Next Job: Clarity and Quick Employment

When looking for a new job, the question that many job seekers face, is what should be their next job? While there are many good tools and techniques for developing personal career plans and visions as to what would suit you long term, the simple need of most job seekers is to find their next job now, and worry about career planning later.

As a recruiter and CV Writer I can not condone this as a great long term career planning. Strategy: simply, you will continually find yourself continually unemployed if you don't have a career plan. However, here are some simple tools and techniques which will help you quickly clarify what HR professionals and recruiters will see as your most credible job application slots, and hence jobs in which you are most likely to quickly get employed in.

Next HR Professionals Job

The job of the Human Resources department is to plan and then manage an organisations pool of people. This generally means that they focus on the internal pool first - known skills and demonstrable loyalty to the organisation - and then only recruit externally when they need a specific skills, which can not be delivered internally in the required time scale.

As a result, they form a set of rules associated with external applicants. These are simply:

  • Skills used in the last 3 years are deployable
  • Skills used in the last 5 years are retrainable
  • Skills used before the last 5 years are interesting job history!

I hence when an HR professional or recruiter reads your Professional CV, their focus mainly on the last 3 years of jobs, and secondly on the last five years of jobs. It therefore always amazes me when reading a job seekers CV, that they put as much balance on the jobs they had ten years ago, as those they are presently doing. Simply, rebalance your Professional CV towards what you have done in the past three years (first half page), and the last 5 years (first page and a half), and summarise the rest.

Next Job Focus?

So if the HR professionals are focusing on most on the last 3years of experience, and then the last 5years, does this restrict your job search? No, and here's why. Your jobs each have two aspects to them:

  • A professionalism/skill: shelf stacker, accountant, director
  • A market: retail, logistics, construction

So if you are presently an account assistant in retail, then you could look at other accounting jobs, or other retail jobs. This same proposition works for any job that you have held in the past five years. The result should be a square matrix, of somewhere between 1 profession by 2 markets, to - the biggest so far - 3 professions by 5 markets. 

Why the limit? If you have turned your career over regularly, or are a contract worker, then there becomes a point where credibility stops in the eyes of the employer that you are applying to. Don't see the matrix as the answer, but as a starting point from which to select at maximum three core job markets. The point of credibility is defined in part by timescale (why have you picked something that you last did 3 to 5 years ago), and in part by passion and forward career planning. There is no point picking something which you didn't like doing.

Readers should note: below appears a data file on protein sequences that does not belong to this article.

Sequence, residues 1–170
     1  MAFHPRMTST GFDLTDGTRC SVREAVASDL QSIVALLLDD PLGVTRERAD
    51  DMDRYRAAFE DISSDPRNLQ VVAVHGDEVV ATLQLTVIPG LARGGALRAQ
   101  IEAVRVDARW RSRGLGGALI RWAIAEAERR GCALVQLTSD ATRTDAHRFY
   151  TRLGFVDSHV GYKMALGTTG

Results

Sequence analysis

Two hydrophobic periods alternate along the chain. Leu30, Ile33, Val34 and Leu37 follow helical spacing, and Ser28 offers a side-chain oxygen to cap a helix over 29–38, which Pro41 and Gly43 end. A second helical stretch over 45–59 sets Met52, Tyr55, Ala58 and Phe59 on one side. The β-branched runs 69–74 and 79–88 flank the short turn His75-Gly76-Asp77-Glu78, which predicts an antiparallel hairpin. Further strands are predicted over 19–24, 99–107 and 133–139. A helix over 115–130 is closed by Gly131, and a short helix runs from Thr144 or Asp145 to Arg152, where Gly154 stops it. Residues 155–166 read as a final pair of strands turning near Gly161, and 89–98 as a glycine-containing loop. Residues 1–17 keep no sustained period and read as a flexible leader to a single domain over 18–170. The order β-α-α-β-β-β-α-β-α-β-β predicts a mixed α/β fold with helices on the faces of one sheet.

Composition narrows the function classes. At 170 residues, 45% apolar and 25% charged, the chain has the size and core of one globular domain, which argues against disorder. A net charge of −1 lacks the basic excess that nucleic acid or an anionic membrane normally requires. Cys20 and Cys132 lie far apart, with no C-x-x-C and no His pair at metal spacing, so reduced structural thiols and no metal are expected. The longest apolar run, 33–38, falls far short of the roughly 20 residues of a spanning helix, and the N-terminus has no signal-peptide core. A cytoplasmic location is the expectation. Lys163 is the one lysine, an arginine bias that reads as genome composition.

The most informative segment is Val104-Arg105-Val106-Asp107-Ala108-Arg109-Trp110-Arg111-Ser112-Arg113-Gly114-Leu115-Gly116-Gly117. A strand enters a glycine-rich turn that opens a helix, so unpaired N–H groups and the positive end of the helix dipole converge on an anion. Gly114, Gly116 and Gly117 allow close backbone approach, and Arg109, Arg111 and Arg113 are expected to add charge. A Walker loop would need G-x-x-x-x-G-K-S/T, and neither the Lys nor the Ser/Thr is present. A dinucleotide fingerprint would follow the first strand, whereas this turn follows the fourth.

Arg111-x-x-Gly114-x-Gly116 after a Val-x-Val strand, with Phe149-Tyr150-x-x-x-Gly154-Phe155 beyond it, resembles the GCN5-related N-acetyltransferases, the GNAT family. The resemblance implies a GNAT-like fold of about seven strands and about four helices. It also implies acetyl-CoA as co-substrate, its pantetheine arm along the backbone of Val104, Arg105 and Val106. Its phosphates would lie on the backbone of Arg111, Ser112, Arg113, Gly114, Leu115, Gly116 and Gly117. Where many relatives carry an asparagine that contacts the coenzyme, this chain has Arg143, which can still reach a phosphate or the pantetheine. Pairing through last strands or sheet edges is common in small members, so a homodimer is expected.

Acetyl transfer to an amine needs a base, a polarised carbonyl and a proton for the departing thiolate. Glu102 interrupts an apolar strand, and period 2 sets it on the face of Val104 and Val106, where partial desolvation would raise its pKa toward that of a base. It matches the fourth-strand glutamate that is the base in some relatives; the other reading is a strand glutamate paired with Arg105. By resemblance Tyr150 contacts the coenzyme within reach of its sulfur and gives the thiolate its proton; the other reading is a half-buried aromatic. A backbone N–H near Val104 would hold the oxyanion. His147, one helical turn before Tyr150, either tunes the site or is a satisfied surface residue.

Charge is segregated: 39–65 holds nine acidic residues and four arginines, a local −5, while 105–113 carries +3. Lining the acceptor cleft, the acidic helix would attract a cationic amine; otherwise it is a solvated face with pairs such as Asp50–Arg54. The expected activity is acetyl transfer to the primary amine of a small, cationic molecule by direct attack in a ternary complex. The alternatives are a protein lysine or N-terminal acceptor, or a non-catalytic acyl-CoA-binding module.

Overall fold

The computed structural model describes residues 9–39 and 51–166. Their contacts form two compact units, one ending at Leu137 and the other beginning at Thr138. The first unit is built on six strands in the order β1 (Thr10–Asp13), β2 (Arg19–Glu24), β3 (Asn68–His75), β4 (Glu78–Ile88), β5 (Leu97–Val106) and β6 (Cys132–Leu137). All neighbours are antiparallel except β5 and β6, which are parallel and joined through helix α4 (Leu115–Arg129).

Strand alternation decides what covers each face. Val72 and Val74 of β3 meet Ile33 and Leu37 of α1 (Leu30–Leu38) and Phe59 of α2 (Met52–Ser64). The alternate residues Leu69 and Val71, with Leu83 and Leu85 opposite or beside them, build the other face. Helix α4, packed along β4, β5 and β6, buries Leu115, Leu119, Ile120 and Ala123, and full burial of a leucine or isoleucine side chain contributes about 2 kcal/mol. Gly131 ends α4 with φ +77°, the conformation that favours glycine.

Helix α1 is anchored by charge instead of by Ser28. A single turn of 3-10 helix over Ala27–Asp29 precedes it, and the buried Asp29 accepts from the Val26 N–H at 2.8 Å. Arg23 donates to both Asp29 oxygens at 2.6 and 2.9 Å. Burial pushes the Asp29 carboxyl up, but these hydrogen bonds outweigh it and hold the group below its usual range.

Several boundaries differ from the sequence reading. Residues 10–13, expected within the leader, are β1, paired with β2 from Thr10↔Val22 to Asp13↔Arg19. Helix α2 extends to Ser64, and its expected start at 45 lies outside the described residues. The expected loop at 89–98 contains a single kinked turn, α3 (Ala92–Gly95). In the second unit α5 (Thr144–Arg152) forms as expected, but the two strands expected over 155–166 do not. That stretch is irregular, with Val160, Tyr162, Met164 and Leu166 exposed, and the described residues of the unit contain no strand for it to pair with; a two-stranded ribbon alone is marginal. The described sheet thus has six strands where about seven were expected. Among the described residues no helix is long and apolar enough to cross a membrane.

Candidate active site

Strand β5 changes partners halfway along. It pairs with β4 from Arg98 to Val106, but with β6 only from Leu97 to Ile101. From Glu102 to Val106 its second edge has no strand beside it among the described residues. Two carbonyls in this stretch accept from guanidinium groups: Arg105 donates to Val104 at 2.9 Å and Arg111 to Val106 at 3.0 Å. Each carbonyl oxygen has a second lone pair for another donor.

When I speak to job seekers about this technique, all suddenly find clarity out of their job search fog.

Next Job application adjustment

The final part of this exercise now means market testing both the target markets and yourself.

Firstly the markets, You should have defined by now where you want to work and how much you need to earn, so go to your favourite jobs board and tap in your three core professions/markets and see what appears. If you can find 20+ jobs, then the market is recruiting; if not, extend the geography until you can find 20. Once you have found 20, are these jobs all paying the required amount of money? If the answer to either of these questions is no (at least 20 jobs; minimum required income), then go back and review your matrix for another core job area.

Secondly, yourself. One thing in recruitment that does count, but which does greatly differ between companies, are job titles. Where as one companies director may not manage any people, another's accounts manager may manage a team of over 20 people. Hence title adjustment around your defined core job application areas becomes key to getting employed. While a job title may be nice to talk about in networking meetings and down the pub o a Sunday, its experience gained and wages earnt which are counted in your ability to sustain a career and pay the bills.

These simple techniques, when applied to job application, will both clarify what you want to do and where you should be applying for your next job. This should ensure that you gain employment quickly, by offering the employer what they are looking for.

Good Luck!

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